Mike Leigh's drama, despite many loose ends, blind alleys and a prevailing air of despair, is gripping in its mordant fashion.
The "action" centres on a devoted, contented married couple, Tom and Gerri (Ruth Sheen and Jim Broadbent), who comfort a succession of damaged houseguests over the course of a year. Gerri, a medical counsellor, and Tom, a geological engineer, sit, listen and nod along to their needy friends' woes. Does it make them feel superior? Are they smugly feeding off these poor souls to make themselves feel better? Yes and yes. Their most regular visitor is hyper-anxious, twittering Mary (Lesley Manville), a fiftysomething singleton who has been screwed over by married men and who pines for a relationship with Tom and Gerri's 30-year-old lawyer son, Joe (Oliver Maltman). Mary clings to dullard Joe's side, constantly touching him; pleading with him to notice her. Are we meant to feel sympathy for self-satisfied Joe? I didn't. Mary needs to flee from these condescending parasites.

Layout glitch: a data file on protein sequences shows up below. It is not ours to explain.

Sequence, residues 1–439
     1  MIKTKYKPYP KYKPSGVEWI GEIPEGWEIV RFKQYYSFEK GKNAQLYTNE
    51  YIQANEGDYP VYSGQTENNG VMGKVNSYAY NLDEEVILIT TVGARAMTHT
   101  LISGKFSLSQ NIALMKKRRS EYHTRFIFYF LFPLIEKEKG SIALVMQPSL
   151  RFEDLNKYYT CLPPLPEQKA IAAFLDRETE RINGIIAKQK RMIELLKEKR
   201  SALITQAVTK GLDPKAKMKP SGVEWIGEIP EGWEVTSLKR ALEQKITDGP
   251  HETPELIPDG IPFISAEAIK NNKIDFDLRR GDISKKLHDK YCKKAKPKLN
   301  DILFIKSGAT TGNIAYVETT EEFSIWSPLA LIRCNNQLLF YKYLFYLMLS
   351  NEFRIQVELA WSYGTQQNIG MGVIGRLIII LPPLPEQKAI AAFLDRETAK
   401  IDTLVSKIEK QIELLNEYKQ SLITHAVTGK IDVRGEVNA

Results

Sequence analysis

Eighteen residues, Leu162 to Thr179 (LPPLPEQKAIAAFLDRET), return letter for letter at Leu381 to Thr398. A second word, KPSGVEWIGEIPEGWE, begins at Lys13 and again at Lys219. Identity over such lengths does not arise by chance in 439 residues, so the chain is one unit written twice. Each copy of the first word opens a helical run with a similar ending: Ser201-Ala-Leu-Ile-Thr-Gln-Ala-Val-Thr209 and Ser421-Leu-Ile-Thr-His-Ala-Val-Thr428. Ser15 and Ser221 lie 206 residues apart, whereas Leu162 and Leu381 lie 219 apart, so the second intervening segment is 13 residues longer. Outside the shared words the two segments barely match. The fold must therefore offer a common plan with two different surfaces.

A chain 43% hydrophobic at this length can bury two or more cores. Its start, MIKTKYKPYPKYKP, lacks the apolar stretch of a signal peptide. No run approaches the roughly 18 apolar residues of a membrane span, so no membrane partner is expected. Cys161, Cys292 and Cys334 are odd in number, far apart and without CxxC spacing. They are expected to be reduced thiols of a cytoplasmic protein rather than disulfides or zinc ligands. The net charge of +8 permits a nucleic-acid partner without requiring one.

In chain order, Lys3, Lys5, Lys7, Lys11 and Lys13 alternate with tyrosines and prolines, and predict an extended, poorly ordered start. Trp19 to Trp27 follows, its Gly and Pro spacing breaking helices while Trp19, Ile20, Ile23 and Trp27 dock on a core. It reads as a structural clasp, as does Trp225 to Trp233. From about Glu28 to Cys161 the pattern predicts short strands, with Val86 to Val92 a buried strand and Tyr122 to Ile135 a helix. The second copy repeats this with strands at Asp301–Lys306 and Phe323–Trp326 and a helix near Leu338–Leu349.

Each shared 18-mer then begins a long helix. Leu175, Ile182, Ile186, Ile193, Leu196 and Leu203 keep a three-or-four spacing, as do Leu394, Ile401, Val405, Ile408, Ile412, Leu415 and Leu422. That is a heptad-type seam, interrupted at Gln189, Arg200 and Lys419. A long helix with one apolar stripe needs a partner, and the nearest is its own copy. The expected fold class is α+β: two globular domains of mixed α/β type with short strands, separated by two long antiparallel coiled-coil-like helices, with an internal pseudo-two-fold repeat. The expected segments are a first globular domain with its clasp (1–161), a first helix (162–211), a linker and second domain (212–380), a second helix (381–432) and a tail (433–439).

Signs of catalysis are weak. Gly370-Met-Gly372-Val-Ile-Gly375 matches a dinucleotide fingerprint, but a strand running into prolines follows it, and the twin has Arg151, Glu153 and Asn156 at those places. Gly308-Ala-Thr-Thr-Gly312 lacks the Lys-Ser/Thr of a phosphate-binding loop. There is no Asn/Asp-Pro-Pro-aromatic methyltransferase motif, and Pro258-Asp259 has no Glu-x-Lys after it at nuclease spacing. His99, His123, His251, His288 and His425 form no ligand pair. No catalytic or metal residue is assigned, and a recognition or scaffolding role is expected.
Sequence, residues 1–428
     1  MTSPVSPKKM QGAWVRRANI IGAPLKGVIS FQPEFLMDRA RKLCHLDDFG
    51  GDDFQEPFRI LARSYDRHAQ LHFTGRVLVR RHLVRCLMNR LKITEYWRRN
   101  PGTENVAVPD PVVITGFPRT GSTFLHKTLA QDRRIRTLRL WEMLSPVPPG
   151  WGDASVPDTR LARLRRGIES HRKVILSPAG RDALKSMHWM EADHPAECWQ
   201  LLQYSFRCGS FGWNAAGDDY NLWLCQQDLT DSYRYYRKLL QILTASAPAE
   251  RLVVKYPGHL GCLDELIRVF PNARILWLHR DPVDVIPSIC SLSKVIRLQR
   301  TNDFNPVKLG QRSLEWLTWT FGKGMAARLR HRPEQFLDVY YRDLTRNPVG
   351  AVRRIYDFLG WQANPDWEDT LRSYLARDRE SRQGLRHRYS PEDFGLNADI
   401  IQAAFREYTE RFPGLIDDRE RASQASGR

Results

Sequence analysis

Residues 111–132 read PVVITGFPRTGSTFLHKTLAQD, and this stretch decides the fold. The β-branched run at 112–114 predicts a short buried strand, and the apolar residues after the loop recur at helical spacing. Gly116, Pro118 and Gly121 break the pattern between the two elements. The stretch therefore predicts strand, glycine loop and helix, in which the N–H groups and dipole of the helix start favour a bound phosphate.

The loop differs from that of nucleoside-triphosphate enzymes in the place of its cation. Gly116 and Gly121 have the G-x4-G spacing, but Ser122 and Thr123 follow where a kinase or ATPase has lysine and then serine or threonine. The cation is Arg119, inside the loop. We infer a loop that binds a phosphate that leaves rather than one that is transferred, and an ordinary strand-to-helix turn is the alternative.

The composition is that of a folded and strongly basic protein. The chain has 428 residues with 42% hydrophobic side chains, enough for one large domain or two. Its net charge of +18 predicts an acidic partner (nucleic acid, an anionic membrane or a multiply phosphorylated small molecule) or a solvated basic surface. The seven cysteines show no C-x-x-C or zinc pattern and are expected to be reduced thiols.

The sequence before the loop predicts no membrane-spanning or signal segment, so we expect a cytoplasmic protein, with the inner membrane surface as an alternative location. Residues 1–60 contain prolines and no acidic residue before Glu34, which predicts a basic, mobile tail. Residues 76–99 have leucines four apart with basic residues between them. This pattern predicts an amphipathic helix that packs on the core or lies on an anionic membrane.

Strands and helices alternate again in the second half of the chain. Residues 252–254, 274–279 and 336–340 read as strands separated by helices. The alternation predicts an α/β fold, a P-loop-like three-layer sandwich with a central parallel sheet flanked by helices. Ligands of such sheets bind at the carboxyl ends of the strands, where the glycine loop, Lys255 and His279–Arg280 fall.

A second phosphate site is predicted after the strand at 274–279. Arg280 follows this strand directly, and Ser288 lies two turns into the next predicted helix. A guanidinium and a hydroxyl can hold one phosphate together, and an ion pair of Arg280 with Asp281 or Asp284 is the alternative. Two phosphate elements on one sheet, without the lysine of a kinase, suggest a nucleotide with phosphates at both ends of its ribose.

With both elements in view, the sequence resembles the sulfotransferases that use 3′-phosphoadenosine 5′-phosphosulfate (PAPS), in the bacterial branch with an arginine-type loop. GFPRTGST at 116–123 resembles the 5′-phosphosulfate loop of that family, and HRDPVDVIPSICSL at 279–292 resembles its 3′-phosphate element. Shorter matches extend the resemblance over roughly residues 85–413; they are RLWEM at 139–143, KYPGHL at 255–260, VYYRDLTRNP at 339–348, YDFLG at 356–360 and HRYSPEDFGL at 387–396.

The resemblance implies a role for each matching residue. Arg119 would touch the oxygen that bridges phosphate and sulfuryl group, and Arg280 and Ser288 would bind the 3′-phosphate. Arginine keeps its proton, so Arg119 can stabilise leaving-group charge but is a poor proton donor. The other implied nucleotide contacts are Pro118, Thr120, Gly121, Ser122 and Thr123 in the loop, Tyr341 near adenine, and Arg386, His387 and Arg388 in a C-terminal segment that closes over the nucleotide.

This desolute film is an excellent showcase for British actresses and its ambiguous (quite often excruciating) nature is ideal fodder for dinner-party quarrelling. However, the unquestionable star here is Manville, whose crushed flirt Mary personifies Maya Angelou's poem "Alone": "Alone, all alone/ Nobody, but nobody/ Can make it out here alone."Reuse content